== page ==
What to do now? Well let's check the oil levels in the gearbox, diff and steering rack. All empty. Go and buy the appropriate oils and start filling

The gearbox first. Knock up a stand with a bottle on it to slowly run oil into it. Works OK, but VERY slow. By trying to increase the speed of the drip I unknowingly pulled the tube out of the gearbox and wound up with about a litre of oil in the passenger well, all through the carpet. Many words worse than Bugger. Out with the seat and carpets and into the laundry to spend hours and lots of detergent to wash the oil out. I think I succeeded, though there is still a slight oily smell in the carpet. Now back to filling the gearbox. LIVE with the slowness of the drip. To keep going forward I decided to fill the steering rack with oil, using an oil pump. Ten minutes after filling it oil started dripping out of the rubber boots. You guessed it - another few choice words and more mess on the floor. Have to go and replenish my rag supply by cutting up some old sheets ( with SWMBO's permission, of course ).

Now to disconnect the tie rod ends to remove the old boots – well the tie rod ends were dry, with cracked rubbers, so new ones were bought , actually holden ones – exactly the same.

Now I had to purchase two new boots, a hose to connect the engine to the oil pressure line, and also a speedo cable, which wasn't supplied.

Next weekend:- fit the hose and boots, top up engine again, fill the steering rack. All seems OK. Lets try starting.

Beaut it started at once. Now to tune the carbs and try to set the timing. Cough cough splutter – die. Bugger is becoming a very common word now, well not really, other words are becoming more common, burning the neighbours ears. After several more attempts with the same result I pulled the spark plugs. 1 & 4 are black, 2 & 3 are wet – Ah hah too much petrol, strip the carbys and check everything. Apart from being unsure about the float levels ( older carbys with replacement plastic floats and NO INFO AVAILABLE on this combo ). Anyway after several frustrating hours it turns out that the fuel pump won't restart after stalling. Another few words worse than bugger. Out with the pump, at which point I discover that it was in upside down, which explains why the inlet and outlet were reversed. Mess around with the contacts and diaphram and seem to get it working OK pumping petrol around and around from a tin and back. Reinstall it the correct way up and unbend all the lovely bends I had previously concocted when I reversed the inlet and outlet.

At this point a slight diversion entered, oil was dripping out of the front of the diff- remember I had to fill it. Disconnect the drive shaft and jam it up into the battery box so its out of the way. Easily undo the nut holding the input flange, which was supposed to be done up to 135 foot lbs. Remove the flange and two things become apparent:- the oil seal is shot, brittle as anything, also the part of the flange that the seal runs on has a big groove. Purchase a new seal and a stainless steel sleeve to fix the groove and reassemble.

Now the brain starts to think ( ice pack required to stop it overheating ) that if the diff seal is brittle, what about the rear axle seals – better check them. Off with the wheels, rear brake drums and there are the axle nuts, bigger than any spanner I have. OK measure across the flats (1 15/16 or 50 mm ). Cool, whip down to my favourite spare parts outlet and enquire about a socket to suit. All my christmas's come at once, yes they have a 50 mm socket and what's more they are on a clearance special – half price $37 insread of $78.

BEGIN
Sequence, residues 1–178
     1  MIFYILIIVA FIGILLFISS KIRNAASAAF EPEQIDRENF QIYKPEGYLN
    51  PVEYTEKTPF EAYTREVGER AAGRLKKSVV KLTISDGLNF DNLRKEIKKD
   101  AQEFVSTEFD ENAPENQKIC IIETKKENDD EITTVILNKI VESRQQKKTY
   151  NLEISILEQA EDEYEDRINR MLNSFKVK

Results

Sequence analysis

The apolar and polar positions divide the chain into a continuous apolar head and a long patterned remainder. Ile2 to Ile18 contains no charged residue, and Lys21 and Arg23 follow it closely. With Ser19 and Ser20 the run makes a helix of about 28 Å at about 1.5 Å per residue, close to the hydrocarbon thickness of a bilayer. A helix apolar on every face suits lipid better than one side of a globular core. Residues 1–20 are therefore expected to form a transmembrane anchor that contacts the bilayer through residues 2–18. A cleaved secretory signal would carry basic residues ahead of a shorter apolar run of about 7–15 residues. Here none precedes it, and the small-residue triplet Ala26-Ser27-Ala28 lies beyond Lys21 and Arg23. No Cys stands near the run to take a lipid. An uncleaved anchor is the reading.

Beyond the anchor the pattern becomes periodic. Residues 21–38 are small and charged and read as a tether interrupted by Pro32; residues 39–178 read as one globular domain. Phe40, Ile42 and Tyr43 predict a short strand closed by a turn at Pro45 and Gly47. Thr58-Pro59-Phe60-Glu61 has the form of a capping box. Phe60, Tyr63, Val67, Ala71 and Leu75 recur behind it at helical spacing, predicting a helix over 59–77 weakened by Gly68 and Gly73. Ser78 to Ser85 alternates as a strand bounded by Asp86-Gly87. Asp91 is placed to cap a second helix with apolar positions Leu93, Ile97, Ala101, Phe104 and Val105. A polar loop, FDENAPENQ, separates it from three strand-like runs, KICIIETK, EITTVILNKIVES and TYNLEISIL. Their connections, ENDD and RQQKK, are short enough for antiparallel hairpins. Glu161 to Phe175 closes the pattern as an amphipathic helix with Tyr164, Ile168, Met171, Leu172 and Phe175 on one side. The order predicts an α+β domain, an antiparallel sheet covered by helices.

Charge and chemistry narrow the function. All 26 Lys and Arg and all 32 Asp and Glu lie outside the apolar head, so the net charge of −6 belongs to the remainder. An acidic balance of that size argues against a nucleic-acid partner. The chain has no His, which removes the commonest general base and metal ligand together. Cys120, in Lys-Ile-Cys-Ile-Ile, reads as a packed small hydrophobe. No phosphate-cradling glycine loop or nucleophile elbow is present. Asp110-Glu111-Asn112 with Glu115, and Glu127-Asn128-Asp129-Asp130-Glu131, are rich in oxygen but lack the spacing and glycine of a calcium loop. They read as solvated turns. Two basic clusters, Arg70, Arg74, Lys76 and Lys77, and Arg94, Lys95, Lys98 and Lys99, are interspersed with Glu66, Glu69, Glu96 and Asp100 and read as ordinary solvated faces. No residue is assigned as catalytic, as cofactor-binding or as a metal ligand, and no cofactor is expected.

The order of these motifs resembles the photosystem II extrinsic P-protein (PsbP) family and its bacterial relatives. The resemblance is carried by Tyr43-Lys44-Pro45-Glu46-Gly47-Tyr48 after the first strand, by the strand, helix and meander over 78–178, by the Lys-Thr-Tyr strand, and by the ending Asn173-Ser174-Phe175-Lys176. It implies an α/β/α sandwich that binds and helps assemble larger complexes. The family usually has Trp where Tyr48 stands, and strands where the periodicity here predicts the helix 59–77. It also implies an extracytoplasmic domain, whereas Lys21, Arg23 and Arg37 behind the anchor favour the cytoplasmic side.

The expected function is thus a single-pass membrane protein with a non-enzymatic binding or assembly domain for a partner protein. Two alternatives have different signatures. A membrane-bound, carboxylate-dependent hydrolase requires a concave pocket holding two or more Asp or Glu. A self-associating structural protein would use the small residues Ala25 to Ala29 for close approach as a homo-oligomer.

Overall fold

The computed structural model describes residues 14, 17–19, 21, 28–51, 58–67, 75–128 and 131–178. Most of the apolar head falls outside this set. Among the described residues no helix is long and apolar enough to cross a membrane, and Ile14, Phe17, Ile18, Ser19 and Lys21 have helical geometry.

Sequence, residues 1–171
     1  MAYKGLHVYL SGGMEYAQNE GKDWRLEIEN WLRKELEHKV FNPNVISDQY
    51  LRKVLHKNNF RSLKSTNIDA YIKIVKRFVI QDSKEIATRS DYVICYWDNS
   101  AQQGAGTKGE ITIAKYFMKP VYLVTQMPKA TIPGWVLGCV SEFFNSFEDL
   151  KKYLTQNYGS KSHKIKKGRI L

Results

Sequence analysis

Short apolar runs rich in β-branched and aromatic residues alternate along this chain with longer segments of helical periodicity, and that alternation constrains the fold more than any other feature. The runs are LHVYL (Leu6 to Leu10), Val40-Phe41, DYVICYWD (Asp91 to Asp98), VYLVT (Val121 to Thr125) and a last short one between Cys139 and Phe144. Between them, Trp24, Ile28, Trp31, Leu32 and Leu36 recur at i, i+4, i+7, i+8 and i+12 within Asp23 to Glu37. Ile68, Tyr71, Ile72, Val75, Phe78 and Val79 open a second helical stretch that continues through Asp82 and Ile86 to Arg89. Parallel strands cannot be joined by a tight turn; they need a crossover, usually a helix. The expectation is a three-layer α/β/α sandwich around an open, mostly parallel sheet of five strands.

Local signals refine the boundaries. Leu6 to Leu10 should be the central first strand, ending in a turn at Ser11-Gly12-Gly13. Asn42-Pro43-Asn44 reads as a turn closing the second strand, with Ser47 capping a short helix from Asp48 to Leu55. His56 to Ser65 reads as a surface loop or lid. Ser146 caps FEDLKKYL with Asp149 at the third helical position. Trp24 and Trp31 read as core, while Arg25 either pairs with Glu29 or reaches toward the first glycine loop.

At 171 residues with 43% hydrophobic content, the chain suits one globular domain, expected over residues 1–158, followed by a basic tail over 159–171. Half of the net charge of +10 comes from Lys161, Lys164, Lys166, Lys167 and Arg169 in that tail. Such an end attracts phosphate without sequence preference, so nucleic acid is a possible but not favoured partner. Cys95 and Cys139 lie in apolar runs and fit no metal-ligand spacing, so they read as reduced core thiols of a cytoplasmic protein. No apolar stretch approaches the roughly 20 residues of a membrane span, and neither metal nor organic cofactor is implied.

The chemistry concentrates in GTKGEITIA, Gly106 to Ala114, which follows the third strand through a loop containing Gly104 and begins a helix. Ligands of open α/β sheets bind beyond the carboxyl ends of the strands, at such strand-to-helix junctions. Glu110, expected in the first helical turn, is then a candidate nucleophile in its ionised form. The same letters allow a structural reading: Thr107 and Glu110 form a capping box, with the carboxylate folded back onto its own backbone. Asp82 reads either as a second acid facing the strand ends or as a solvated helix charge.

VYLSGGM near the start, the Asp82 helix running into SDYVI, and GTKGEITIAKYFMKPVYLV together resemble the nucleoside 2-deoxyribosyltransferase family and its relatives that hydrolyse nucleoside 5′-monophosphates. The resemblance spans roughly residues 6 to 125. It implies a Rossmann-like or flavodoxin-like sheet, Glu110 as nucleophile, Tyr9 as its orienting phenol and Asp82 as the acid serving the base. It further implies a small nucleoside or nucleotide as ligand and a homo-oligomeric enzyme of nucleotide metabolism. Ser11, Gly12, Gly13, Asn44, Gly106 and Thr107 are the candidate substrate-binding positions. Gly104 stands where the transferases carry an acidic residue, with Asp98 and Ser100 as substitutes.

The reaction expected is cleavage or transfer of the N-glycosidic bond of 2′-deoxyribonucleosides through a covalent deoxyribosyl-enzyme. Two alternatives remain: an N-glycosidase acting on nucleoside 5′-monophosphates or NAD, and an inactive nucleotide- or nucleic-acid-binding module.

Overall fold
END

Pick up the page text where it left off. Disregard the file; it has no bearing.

Rush home to remove those pesky nuts. You guessed it, another bugger situation. The socket slips on the nut. Try several other ways but it still slips. Some more swearing and cursing. Whilst busy pulling out a few of my remaining hairs I notice that the nut actually looks a bit funny. Its an OCTAGON not a hexnut. No wonder my super special socket didn't work. Well down to the local metal outlet to buy a piece of 1/4” plate and then look up the internet on how to construct an octagon. Begin drilling small holes around the outline and when done to hammer out the centre with a cold chisel, then file the corrugations reasonably flat. It fits nicely on the nut and with a bit of persuasion the nut comes off. Extract the axles and find out that the seals are actually OK, but one of the bearings has a bit of cogging, so replace both bearings and seals.

About this time a mate gives me the DVD set of “An MG is Born” wherein it is recommended that one check the slop of the spider gears in the diff, and correct if excessive to stop clunks. Shall I? NO too much bother, but then I have the axles out and its only a few nuts to remove the diff. What the hell, let's do it. Lying on my back with my nose almost squashed by a floor panel, I manage to wiggle the 300 kg diff out past the battery boxes. Crawl out from under the car, drag the diff after me and head for the workshop to check it out. Oh sh_t! The axle that the spider gears run on is just about to fall out, its retaining pin has sheared. Oh well a modified four inch nail will fix this. Now test the slop of the gears and decide its excessive. Out with the axle and gears to discover that the case hardening of the axle and the inside bearing of the gears are all shot.

To be continued …